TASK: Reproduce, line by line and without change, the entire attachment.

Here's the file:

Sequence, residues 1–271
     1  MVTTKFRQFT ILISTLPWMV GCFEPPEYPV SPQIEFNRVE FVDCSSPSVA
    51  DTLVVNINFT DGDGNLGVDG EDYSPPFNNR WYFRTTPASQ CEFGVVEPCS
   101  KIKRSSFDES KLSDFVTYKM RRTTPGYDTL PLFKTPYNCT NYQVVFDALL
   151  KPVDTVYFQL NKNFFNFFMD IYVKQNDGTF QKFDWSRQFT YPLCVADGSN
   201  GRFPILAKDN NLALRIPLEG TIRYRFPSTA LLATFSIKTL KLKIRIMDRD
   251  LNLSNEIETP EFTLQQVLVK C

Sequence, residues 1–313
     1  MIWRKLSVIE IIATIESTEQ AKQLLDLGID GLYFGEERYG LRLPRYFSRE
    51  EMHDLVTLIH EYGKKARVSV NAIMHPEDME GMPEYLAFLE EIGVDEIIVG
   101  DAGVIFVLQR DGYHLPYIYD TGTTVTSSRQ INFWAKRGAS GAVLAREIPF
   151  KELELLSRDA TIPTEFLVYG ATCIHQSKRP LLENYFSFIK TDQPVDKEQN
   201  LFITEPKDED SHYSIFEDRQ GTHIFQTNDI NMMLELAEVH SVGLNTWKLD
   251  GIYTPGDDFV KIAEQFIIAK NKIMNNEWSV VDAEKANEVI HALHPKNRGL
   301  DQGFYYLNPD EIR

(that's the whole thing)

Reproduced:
Sequence, residues 1–271
     1  MVTTKFRQFT ILISTLPWMV GCFEPPEYPV SPQIEFNRVE FVDCSSPSVA
    51  DTLVVNINFT DGDGNLGVDG EDYSPPFNNR WYFRTTPASQ CEFGVVEPCS
   101  KIKRSSFDES KLSDFVTYKM RRTTPGYDTL PLFKTPYNCT NYQVVFDALL
   151  KPVDTVYFQL NKNFFNFFMD IYVKQNDGTF QKFDWSRQFT YPLCVADGSN
   201  GRFPILAKDN NLALRIPLEG TIRYRFPSTA LLATFSIKTL KLKIRIMDRD
   251  LNLSNEIETP EFTLQQVLVK C

Sequence, residues 1–313
     1  MIWRKLSVIE IIATIESTEQ AKQLLDLGID GLYFGEERYG LRLPRYFSRE
    51  EMHDLVTLIH EYGKKARVSV NAIMHPEDME GMPEYLAFLE EIGVDEIIVG
   101  DAGVIFVLQR DGYHLPYIYD TGTTVTSSRQ INFWAKRGAS GAVLAREIPF
   151  KELELLSRDA TIPTEFLVYG ATCIHQSKRP LLENYFSFIK TDQPVDKEQN
   201  LFITEPKDED SHYSIFEDRQ GTHIFQTNDI NMMLELAEVH SVGLNTWKLD
   251  GIYTPGDDFV KIAEQFIIAK NKIMNNEWSV VDAEKANEVI HALHPKNRGL
   301  DQGFYYLNPD EIR